The year 2013 is the International Year of Water Cooperation. In December 2010, the UN General Assembly made the declaration (Resolution A/RES/65/154). In the backdrop of climate crisis, the emphasis on cooperation in the area of water is significant.
UN Water informed:
In reflection of this declaration, the 2013 World Water Day, which will take place on 22 March 2013, also will be dedicated to water cooperation. Therefore, UN-Water has called upon UNESCO to lead the 2013 United Nations International Year on Water Cooperation, in particular because of the Organization’s unique multidisciplinary approach which blends the natural and social sciences, education, culture and communication. Given the intrinsic nature of water as a transversal and universal element, the United Nations International Year on Water Cooperation will focus on these aspects.
The objective of this International Year is to raise awareness on the potential of increased cooperation and the challenges facing water management in light of the increase in demand for water access, allocation and services.
The Year will highlight the history of successful water cooperation initiatives, as well as identify burning issues on water education, water diplomacy, transboundary water management, financing cooperation, national/international legal frameworks, and the linkages with the Millennium Development Goals. It will also provide an opportunity to capitalize on the momentum created at the United Nations Conference on Sustainable Development (Rio+20), and to support the formulation of new objectives that will contribute towards developing water resources that are truly sustainable.
Celebrations throughout the year will include featured events at UNESCO HQ in Paris, as well as events promoting actions at all levels in relevant areas including education, culture, gender, the sciences, conflict prevention and resolution, ethics. (To know more please contact Lucilla Minelli at: firstname.lastname@example.org)
In South Asia, the issue of water cooperation is very important. Not only prosperity, but also essential condition for existence of millions of people in countries in the region depends on cooperation in the area of water. The issue is important within countries as well as among countries. The area provides a scope for building foundation for solidarity among peoples in countries. Democratic movements can raise the issue of to resolve problems related to water sharing and cooperation with a democratic approach.
On the Ganges, Brahmaputra and Meghna basins in this subcontinent Kai Wegerich and Jeroen Warner’s (ed.) The Politics of Water, A Survey mentions:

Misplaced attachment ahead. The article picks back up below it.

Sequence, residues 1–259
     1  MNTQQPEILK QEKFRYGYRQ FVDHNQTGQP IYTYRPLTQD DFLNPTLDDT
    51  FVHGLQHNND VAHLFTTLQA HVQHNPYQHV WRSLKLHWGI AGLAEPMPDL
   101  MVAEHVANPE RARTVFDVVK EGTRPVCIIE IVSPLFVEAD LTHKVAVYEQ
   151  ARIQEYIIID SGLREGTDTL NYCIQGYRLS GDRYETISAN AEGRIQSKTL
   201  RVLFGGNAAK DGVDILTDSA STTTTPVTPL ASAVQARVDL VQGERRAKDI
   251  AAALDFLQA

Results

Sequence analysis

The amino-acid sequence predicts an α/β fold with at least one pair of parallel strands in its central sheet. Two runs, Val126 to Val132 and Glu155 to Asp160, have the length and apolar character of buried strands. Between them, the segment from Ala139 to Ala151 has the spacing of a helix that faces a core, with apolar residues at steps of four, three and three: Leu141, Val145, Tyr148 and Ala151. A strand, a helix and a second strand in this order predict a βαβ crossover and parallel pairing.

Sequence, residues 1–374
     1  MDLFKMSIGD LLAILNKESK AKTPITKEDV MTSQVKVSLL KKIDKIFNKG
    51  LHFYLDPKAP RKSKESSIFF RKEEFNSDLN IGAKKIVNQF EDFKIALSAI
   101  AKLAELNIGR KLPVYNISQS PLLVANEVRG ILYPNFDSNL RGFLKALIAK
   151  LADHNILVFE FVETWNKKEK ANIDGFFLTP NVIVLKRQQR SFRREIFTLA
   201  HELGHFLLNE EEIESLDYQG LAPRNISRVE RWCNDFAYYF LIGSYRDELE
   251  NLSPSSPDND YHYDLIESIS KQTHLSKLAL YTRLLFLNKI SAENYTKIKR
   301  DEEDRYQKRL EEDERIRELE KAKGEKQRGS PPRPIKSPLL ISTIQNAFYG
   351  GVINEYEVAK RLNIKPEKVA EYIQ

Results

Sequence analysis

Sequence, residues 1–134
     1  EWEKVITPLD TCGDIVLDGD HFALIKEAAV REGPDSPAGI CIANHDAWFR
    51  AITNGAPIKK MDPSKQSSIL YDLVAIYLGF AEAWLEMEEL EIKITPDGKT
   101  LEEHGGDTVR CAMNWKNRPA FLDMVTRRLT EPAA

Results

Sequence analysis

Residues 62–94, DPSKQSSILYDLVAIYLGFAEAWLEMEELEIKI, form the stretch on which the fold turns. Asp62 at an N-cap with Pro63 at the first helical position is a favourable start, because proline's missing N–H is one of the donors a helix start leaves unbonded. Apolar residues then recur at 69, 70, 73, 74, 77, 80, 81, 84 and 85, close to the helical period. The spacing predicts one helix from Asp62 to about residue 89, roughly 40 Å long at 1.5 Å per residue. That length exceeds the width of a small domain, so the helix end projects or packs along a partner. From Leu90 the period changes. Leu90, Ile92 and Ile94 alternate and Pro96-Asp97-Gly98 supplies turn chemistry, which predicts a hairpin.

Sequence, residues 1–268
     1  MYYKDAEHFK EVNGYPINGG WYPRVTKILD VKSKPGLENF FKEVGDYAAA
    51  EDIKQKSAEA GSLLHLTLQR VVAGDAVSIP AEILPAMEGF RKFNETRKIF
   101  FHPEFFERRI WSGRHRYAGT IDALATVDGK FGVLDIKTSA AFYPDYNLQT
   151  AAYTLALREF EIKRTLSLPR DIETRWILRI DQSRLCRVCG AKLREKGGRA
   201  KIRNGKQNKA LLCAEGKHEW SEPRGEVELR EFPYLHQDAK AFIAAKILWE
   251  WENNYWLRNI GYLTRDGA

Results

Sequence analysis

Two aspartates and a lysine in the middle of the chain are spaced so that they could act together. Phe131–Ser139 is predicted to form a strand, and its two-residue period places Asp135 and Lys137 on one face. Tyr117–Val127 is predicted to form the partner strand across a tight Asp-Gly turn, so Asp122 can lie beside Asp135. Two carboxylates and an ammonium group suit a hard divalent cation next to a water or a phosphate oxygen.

“The three rivers, although separate hydrologic systems, share a common terminus in the Bay of Bengal and together cover a large part of the […] subcontinent. The tributaries and main branches of the sacred rivers (the Ganges and the Brahmaputra in the Hindu religion) spring in the Indian, Nepali and Tibetan Autonomous Region of China’s Himalayas; the total drainage area covers parts of China, Myanmar, Nepal, India and Bangladesh, and all of Bhutan, with altogether 1,634,900 sq. km. of surface area.
“Bangladesh is the downstream nation of this multinational trans-border river basin, and is regularly affected by the effects of monsoon floods and dry season droughts (from a water-quantity viewpoint) and severe pollution by all riparian states and sectors.
“The basins cover approximately 10% of the earth’s surface area, home to […] two-fifths of the poor of the developing world.”
Water conflicts, if not solved democratically and fairly, are likely to escalate from the current diplomatic rows to possible military action. Water, taken for granted by many, is not only an essential resource for life, it follows that it is also essential for industry and of course, agriculture. In the future, those that control or own water resources will be the ones in power. On a smaller scale, businesses and homeowners can ensure some independence from government/municipal water supplies by the installation of rainwater tanks and greywater recycling systems. Rainwater harvesting allows easy access to rainwater – free water! Nearly all water conservation systems rely on water tanks for storing water. Be sure to choose only high quality tanks that are guaranteed and manufactured to withstand harsh African conditions. We recommend water tanks and other products made by JoJo Tanks (South Africa); click on the links below to find your ideal rain water tank, water tank, tank stand, chemical tank or other high quality JoJo Tanks product.
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